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The Warriors have come out to play

The Warriors have come out to play

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Just in case you live under a rock, after 10 years of trying Kevin Durant is now an NBA Finals MVP and an NBA champion.

His path towards vindicating his apparently ‘weak’ decision was not easy, but with a championship on the line, Durant did what we all knew he was capable of doing: he dominated the game’s biggest stage, carrying the Warriors to a fifth NBA title.

Durant’s Finals performances will live long in the memory for those who witnessed it.

He averaged 35.2 points, 8.4 rebounds and 5.4 assists in the series. His five straight 30-point games came against LeBron James. His game-clinching three-pointer on the road in Game 3 came after he’d stolen the ball, and his closeout performance in Game 5 – totaling 39 points and 7 rebounds – was just the icing on the cake.

Durant shot well above 50-40-90 for the series – 55.6% field goal, 47.4% 3-point and 92.7% free throw, turning the Finals into his own personal canvas. He then proceeded to paint the perfect picture, one that saw the Warriors redeemed, his own critics silenced and the entire NBA panic-stricken.

The reason: this Warriors team is unlike anything we have ever seen before.

In my 16 years of watching the NBA, from the grainy VHS recordings, to the Windows Media Video downloads, to League Pass, the Dubs represent a true enigma in NBA-terms. They’re a combination of unnatural talent, commitment and unrelenting firepower.

They are a product of the new era, built on good fortune and an expanding league revenue – a true landmark in the sports world.

In the last three seasons they’ve been to three straight NBA Finals. They’ve also set the record for the most wins ever in the regular season, gone 16-1 in the postseason and broken more records than practically any team before them.

And the scary thing is, they’re just getting started.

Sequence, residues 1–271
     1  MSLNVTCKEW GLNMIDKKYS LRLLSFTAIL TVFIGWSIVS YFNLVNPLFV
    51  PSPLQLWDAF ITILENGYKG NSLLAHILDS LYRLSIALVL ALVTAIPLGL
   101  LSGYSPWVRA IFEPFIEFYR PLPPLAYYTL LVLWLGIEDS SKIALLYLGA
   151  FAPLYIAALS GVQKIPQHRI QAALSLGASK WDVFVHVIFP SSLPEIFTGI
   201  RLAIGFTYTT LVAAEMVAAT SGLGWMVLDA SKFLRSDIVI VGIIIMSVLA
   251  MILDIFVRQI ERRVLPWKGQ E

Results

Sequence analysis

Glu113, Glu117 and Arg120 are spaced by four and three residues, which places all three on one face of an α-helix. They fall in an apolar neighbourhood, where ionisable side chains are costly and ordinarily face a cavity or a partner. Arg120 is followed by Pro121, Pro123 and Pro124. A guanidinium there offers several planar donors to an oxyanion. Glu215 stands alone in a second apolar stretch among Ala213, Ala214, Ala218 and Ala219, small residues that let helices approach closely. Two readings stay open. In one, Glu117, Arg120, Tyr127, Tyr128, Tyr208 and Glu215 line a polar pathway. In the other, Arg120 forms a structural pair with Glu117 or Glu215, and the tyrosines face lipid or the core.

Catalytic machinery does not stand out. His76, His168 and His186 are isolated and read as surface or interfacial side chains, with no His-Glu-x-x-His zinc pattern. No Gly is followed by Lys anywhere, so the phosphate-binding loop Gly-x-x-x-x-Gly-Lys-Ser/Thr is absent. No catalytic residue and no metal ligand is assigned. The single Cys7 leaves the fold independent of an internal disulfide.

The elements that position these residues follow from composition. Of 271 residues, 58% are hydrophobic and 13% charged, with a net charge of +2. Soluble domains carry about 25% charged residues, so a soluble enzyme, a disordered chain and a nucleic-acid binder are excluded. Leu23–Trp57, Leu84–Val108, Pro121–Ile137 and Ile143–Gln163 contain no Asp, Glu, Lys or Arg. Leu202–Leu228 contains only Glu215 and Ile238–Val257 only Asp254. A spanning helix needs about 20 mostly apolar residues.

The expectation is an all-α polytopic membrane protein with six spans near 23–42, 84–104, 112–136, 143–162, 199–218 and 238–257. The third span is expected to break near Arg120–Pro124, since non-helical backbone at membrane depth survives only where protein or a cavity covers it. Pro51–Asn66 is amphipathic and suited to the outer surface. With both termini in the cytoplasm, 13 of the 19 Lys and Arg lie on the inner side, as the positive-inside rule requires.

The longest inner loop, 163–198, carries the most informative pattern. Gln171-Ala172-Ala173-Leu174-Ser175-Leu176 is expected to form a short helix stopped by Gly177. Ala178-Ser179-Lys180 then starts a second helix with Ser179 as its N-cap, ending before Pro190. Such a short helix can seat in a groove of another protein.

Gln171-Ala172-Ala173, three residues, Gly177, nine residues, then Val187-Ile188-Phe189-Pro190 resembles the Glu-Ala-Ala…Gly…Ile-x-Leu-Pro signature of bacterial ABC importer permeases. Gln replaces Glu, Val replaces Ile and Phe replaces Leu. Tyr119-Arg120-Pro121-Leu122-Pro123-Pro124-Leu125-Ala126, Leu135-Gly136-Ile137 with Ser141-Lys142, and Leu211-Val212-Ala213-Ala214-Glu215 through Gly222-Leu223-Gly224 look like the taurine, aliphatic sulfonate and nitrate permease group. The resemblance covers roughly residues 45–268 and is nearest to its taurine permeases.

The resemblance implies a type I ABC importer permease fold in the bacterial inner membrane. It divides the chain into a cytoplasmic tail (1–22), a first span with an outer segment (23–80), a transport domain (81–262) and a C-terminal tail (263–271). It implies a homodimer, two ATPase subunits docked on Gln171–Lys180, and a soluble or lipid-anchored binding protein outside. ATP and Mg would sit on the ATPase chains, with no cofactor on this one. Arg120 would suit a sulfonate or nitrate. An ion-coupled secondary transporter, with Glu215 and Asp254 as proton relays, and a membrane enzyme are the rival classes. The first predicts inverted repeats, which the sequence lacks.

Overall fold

All four of the Warriors All-Star starters are relatively young, and capable of competing at the highest level for at least half a decade more. And with Klay Thompson under contract for two more years, Draymond Green locked into three and Durant reportedly willing to take less money this summer, they’d be able to retain their two-time MVP Stephen Curry – the man who quite literally put the Warriors back on the map.

One other factor surrounding these incredible players is their own individual improvement, which we have seen consistently year-upon-year. And because, let’s be honest here, nobody noticed Thompson silently becoming one of the league’s elite defenders during the course of the past five games.

It is this willingness to sacrifice for each other, which has affected this team both on and off the court.

On the court, this mentality is obvious – the Warriors score over two-thirds of their points off assists, and Curry preaches what they teach. In Game 5 Curry not only finished with a game-high 10 assists, but he also led the game with five secondary assists and was involved in over half of Golden State’s baskets. Between his 10 field goals, 10 assists and 5 secondary assists, Curry was part of 25 of Golden State’s 46 field goals. It’s crazy to think, but there are no selfish players here – a team which has 4 Hall of Famers has no ball-hogs and no point-fiends.

It’s a system in which you either invest, or you go home.

It remains unclear as to who and what will challenge the Warriors newly established dynasty. But one thing is for sure, the superteam is well and truly here to stay. Welcome to the new era of the NBA.

Matthew Wellington

Norwich, England, United Kingdom.
Team: Los Angeles Lakers.
Double Clutch Co-Founder, Podcast Host/Editor & Writer.
During the day I'm busy working a Marketing job, but in the evening you can find me dunking on NBA 2K and devoting 85% of my free time to this.

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